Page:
North Carolina Police Detective Fired After Allegedly Planting Fake Drugs On Black Men

A North Carolina police detective has been fired following accusations that he planted fake drugs on several Black men, leading to their wrongful arrests on drug trafficking charges.

The Raleigh Police Department confirmed that it fired Omar Abdullah on Oct. 28, a month after the city of Raleigh reached a $2 million settlement in a federal civil rights lawsuit brought by the men after charges against them were dropped.

Abdullah, who has not been criminally charged, had been on administrative leave for a little more than a year after he was accused of staging heroin drug busts on at least 15 people using packets of brown sugar between December 2019 and May 2020.

According to the lawsuit filed against Abdullah and the city back in April, the detective allegedly paid a drug informant to meet with the men and then falsely claim to recover drugs from them. The men were consequently arrested by Abdullah for trafficking heroin, even though field tests on the sugar failed to detect drugs.

“Abdullah and other officers often failed to submit the alleged heroin for lab testing until weeks or months after Plaintiffs’ incarceration,” the lawsuit says.

Even after laboratory tests came back negative for drugs, Abdullah and other officers either failed to inform the district attorney about the test results or severely delayed supplying this information. The district attorney was also not told about the negative field tests, the suit claims.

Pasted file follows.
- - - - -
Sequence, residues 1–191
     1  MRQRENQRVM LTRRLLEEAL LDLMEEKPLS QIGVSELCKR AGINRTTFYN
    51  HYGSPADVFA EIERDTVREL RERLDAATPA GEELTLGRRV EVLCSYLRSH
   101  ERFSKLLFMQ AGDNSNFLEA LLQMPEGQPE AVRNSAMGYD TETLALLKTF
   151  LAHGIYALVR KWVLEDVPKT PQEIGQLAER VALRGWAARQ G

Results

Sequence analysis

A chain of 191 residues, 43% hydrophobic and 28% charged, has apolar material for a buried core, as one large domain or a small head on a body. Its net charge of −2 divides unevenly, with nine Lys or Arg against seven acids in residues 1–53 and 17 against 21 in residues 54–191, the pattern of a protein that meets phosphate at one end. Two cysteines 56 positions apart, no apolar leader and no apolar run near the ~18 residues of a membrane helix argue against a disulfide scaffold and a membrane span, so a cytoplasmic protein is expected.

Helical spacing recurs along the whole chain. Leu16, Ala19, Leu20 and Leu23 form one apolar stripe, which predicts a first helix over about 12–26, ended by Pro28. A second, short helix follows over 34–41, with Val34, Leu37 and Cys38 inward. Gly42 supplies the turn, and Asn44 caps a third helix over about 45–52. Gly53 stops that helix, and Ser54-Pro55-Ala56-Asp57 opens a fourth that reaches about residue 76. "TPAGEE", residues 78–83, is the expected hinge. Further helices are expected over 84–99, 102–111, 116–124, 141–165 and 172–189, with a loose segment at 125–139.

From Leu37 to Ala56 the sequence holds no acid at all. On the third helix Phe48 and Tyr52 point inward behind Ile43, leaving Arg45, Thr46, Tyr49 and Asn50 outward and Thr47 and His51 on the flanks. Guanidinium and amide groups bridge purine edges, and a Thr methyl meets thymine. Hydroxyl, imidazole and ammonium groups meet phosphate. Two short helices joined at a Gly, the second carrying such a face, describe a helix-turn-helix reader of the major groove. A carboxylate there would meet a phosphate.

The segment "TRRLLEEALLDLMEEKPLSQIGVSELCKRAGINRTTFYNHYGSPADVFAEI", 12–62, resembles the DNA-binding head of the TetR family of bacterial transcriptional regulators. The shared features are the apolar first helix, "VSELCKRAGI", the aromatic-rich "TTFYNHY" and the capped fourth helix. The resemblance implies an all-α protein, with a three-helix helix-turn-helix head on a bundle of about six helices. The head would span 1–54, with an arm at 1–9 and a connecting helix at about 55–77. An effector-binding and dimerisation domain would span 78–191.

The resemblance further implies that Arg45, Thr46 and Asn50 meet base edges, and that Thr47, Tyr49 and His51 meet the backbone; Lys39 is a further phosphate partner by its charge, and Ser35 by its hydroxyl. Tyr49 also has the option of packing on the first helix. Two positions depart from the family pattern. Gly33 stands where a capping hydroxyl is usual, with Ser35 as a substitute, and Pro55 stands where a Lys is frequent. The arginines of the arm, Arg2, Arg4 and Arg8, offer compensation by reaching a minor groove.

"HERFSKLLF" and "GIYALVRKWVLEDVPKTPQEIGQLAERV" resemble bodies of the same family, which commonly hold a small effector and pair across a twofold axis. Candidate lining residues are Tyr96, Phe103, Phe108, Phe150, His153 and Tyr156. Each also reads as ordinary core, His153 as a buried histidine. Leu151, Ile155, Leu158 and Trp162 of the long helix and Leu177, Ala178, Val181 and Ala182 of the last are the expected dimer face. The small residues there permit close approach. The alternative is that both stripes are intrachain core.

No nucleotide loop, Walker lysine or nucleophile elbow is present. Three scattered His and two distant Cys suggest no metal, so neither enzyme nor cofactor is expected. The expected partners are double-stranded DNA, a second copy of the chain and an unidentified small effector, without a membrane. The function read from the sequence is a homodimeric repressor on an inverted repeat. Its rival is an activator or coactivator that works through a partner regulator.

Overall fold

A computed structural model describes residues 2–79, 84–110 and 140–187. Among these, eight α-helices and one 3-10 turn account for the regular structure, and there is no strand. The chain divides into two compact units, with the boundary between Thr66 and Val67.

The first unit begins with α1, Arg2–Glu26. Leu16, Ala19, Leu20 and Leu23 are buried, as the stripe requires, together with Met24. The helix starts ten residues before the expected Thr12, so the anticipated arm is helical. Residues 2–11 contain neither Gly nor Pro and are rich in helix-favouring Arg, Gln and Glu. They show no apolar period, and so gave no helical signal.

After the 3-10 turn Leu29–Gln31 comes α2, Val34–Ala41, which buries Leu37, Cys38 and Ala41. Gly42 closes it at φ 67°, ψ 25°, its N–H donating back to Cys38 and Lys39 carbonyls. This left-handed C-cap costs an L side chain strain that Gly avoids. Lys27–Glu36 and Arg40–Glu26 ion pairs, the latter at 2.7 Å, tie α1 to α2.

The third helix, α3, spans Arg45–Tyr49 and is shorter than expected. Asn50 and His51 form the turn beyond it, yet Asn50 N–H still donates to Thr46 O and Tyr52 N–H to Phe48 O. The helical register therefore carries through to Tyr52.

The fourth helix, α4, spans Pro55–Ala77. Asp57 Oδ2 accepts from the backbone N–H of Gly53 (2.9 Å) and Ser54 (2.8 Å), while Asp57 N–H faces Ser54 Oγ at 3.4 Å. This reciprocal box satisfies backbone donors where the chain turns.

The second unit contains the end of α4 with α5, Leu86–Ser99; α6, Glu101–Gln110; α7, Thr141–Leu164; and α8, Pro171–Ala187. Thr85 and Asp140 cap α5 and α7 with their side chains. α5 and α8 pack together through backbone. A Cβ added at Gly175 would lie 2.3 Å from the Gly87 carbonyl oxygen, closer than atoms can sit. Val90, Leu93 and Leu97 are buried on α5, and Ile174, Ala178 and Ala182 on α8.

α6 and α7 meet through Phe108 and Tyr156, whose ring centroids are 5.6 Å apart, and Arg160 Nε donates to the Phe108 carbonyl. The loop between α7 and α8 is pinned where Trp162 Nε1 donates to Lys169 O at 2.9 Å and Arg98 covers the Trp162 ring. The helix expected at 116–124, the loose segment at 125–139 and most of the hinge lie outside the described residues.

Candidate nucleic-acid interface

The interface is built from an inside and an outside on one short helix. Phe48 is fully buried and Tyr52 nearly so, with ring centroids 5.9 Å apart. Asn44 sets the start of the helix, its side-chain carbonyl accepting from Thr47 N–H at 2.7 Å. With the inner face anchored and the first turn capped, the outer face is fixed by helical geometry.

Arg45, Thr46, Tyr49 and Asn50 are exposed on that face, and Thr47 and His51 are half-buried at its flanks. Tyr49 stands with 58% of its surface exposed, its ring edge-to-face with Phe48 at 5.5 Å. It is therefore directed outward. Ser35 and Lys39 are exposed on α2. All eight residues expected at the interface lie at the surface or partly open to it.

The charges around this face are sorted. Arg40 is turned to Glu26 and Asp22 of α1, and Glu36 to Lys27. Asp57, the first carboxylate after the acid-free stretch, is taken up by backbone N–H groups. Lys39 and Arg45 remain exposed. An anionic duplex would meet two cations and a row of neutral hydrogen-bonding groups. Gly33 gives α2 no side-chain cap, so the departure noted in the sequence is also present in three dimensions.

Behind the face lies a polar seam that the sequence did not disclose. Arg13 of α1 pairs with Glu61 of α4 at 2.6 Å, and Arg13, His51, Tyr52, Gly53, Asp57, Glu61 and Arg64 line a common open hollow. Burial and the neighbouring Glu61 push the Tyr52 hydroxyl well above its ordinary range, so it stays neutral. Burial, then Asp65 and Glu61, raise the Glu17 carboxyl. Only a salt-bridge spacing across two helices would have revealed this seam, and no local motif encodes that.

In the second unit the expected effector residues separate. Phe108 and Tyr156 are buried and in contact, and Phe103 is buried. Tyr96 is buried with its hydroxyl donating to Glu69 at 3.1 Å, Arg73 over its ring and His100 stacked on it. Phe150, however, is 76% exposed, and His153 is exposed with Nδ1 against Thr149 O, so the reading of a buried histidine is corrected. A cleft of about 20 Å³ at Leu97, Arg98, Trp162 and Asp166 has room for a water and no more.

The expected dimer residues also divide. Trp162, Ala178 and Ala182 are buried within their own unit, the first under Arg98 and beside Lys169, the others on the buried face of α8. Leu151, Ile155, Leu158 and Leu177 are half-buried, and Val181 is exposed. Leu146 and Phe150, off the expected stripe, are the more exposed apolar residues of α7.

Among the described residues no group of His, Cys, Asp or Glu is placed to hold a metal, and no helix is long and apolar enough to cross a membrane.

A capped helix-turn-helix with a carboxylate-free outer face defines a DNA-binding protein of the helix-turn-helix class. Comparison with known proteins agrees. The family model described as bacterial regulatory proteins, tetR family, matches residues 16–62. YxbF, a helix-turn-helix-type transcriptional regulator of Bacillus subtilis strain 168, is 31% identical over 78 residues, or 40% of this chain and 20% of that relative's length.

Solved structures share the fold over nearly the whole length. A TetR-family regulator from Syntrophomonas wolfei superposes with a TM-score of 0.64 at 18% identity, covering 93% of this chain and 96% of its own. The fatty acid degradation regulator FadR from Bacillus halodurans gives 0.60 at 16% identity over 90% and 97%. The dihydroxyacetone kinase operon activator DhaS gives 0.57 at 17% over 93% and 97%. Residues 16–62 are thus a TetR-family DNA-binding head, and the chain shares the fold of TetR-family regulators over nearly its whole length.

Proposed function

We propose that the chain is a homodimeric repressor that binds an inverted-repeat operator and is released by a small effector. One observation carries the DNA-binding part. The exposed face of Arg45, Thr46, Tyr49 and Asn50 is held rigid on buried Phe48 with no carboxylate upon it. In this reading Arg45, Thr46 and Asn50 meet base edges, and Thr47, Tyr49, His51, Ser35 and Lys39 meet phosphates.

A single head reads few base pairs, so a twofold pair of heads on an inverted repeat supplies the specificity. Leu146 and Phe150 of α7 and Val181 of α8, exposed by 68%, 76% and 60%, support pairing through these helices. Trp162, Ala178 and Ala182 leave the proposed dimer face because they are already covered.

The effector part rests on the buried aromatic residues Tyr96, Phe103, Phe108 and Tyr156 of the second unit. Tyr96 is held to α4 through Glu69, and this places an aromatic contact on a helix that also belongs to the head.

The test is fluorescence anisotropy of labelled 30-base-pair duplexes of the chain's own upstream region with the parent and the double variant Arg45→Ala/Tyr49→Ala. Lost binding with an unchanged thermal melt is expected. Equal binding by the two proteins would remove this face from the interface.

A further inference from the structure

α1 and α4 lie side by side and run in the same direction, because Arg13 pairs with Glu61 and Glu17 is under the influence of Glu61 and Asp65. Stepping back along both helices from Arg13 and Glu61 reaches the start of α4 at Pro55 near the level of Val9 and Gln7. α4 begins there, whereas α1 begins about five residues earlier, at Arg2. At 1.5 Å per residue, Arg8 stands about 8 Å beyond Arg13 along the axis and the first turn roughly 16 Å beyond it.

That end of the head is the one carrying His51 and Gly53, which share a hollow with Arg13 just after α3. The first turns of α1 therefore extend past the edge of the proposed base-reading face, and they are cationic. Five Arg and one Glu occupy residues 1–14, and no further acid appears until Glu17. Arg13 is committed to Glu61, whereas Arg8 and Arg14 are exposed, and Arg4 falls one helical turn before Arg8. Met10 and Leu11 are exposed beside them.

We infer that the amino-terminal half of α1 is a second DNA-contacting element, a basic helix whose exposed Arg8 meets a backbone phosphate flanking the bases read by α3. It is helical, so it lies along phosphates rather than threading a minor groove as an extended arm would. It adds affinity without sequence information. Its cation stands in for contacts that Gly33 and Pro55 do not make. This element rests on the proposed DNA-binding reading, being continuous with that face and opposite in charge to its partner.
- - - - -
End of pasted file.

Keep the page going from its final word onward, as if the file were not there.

The suit alleges that seven police officers were aware of Abdullah’s scheme but did not intervene.

“Plaintiffs served a combined approximately 2.5 years in jail before the charges against each of them were dismissed,” the lawsuit says, adding that they each faced more than seven years in prison if convicted of the falsified charges.

Wake County District Attorney Lorrin Freeman held an emotional meeting with community members in late September in which she said she would not be filing criminal charges against Abdullah due to a lack of evidence. Her office did not immediately respond to HuffPost’s request for comment on Tuesday.

The News and Observer reported Tuesday that Abdullah may be fighting his termination and that none of the other officers named in the lawsuit were placed on administrative leave or duty for their alleged roles in the arrests.

“The Raleigh Police Department consistently reviews its policies and practices with the goal of making necessary changes and adopting best practices,” a spokesperson for the police department told HuffPost in a statement Tuesday.

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